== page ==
Lime slurry spread on soil prior to mixing

Lime kiln dust

Blended Lime Products

     In some parts of the U.S. and in some other countries, lime is blended to create a mixture that is particularly beneficial to the soil in the area.  These blended products can be:

  • A blend of lime products - such as quicklime and LKD - created by the lime producer and shipped to the job site

  • A blend of lime and other beneficial materials - such as lime and fly ash or lime and Portland cement - created by the lime producer or other parties and shipped the the job site

  • A blend of materials created by the soil mixing operations.  For instance, lime can be mixed into an overly-wet, low-plasticity soil of little clay content (to dry and condition the soil), followed by Portland cement to create soil cement.

     Local stabilization specialty contractors are excellent sources of information regarding the fasibility and availability of blended lime products.

Agricultural Lime (Ag-Lime)

Agricultural lime, also called aglime, agricultural limestone, or garden lime, is a soil additive made typically from pulverized limestone or chalk.  It is not used for modification or stabilization of soil, but strictly to augment the soil chemistry for improved plant growth.  The active component is calcium or magnesium carbonate.  Additional chemicals vary depending on the mineral source.  The effects of agricultural lime on soil are:

  • It increases the pH of acidic soil (the higher the pH, the less acidic the soil);

  • It provides a source of calcium and magnesium for plants;

  • It permits improved water penetration for acidic soils;

  • It improves the uptake of major plant nutrients (nitrogen, phosphorus, and potassium) of plants growing on acid soils.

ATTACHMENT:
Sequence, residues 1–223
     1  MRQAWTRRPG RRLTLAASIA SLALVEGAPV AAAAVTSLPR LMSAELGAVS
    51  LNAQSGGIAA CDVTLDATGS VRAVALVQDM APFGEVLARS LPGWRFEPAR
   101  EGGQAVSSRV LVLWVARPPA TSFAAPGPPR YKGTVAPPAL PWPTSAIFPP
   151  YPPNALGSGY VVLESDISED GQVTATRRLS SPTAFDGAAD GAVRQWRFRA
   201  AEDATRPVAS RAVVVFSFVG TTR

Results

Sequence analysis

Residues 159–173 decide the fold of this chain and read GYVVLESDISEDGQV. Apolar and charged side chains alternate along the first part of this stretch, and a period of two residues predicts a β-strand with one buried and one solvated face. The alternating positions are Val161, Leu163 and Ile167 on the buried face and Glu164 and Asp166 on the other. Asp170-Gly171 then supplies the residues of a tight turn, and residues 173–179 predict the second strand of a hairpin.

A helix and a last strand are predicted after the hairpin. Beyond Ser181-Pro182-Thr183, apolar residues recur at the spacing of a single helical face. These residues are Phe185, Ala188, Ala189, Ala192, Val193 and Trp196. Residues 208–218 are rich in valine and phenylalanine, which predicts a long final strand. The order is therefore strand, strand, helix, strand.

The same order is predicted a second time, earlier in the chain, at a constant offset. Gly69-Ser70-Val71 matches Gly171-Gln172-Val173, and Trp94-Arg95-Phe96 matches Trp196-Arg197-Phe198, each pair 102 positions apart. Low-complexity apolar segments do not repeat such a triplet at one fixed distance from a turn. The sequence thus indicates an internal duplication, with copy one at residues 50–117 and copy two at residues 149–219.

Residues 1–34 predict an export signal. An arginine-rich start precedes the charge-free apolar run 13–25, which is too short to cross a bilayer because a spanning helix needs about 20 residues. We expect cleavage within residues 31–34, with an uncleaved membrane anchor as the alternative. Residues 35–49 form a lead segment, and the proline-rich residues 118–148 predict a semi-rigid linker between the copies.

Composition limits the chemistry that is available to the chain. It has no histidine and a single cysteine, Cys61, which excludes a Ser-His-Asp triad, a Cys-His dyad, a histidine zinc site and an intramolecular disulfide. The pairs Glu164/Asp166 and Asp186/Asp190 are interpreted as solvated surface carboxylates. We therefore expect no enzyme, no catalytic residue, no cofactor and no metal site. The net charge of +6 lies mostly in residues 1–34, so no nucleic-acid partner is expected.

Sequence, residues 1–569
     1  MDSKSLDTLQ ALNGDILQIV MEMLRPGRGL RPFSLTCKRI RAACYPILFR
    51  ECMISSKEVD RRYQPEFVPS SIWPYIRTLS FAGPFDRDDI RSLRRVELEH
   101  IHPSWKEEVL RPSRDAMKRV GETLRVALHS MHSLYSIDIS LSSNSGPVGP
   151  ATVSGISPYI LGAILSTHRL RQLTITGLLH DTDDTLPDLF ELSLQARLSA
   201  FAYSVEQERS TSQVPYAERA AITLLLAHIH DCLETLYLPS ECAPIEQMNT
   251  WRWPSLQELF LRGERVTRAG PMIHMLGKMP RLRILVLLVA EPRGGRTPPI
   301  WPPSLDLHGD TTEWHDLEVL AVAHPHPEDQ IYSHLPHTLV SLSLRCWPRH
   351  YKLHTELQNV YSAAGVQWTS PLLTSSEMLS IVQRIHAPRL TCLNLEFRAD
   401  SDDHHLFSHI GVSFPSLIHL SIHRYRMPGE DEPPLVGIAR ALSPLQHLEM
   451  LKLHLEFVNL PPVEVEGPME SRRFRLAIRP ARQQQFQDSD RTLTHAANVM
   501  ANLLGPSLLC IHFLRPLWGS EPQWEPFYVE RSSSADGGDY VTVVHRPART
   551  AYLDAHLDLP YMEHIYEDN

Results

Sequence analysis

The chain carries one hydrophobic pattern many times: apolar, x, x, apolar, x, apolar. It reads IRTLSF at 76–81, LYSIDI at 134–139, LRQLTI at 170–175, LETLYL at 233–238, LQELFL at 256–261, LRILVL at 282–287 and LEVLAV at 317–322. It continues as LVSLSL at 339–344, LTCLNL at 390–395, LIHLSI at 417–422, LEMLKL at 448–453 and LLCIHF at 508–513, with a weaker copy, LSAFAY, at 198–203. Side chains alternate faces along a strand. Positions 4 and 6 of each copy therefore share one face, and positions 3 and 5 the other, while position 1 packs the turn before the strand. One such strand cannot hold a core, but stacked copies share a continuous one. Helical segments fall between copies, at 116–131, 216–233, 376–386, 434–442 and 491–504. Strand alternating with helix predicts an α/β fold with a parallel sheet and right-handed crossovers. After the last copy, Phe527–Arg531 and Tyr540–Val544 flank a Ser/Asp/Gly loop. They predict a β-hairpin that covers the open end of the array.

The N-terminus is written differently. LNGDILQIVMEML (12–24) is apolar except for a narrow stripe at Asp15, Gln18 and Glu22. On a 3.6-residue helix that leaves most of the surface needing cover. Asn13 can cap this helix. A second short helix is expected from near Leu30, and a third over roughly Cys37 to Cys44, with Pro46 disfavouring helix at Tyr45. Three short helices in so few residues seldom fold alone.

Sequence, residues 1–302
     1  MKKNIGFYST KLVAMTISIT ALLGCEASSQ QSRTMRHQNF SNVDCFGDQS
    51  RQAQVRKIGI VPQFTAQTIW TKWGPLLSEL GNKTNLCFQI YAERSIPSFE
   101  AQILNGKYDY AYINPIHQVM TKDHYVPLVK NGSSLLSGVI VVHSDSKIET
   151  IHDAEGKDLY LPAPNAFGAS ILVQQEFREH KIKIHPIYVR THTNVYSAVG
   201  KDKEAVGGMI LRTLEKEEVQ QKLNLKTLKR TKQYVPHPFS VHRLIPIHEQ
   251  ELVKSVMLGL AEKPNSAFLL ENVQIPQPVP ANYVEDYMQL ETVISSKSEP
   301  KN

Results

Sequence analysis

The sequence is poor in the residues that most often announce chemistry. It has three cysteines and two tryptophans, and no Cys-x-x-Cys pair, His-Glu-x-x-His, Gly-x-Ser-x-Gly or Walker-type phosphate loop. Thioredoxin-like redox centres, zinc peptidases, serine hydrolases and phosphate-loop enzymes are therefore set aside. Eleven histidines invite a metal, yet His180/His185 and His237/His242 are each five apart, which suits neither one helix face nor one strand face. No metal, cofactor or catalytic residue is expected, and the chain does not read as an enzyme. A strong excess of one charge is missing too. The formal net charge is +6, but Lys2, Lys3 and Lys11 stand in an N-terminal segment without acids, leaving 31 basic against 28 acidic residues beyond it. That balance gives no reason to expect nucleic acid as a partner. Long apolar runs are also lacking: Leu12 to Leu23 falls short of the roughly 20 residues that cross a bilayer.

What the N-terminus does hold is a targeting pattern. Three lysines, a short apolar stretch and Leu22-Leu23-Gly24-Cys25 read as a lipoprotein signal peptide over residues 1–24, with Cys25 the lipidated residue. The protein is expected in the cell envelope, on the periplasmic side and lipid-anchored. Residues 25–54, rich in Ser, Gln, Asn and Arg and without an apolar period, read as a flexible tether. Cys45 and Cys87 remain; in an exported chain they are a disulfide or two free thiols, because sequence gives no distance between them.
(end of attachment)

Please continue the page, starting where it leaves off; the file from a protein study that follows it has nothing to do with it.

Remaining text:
Aglime is not in that same class as the other forms of lime describe herein (Quicklime, Hydrated Lime, LKD, etc.) because it is simply crushed Calcium Carbonate that has never been introduced to a kiln and converted to the chemical Calcium Oxide.  The only reason for its inclusion is because sometimes there is confusion as to its use.

Features of Different Lime Products for Soil Improvement

Pound for pound, quicklime is the most effective of the lime products for drying, modifying and stabilizing soil.  This is because quicklime contains high amounts of calcium oxide (CaO) - typically from 70% - 93%, depending on the form of the quicklime.  When mixed into moist soil, the CaO "reacts" with soil moisture:

CaO + H2O → CA(OH)2 + Heat

Calcium Oxide + Water → Calcium Hydroxide + Heat

     Then, when hydrate by the soil moisture, each pound of CaO becomes 1.32 pounds of calcium hydrate in tehs oil-lime mixture.  When hydrated lime is used, the lime is in hydrate form (calcium hydroxide) before it is mixed into the soil.  Therefore, the soil moisture will not be reduced as much as when quicklime is used.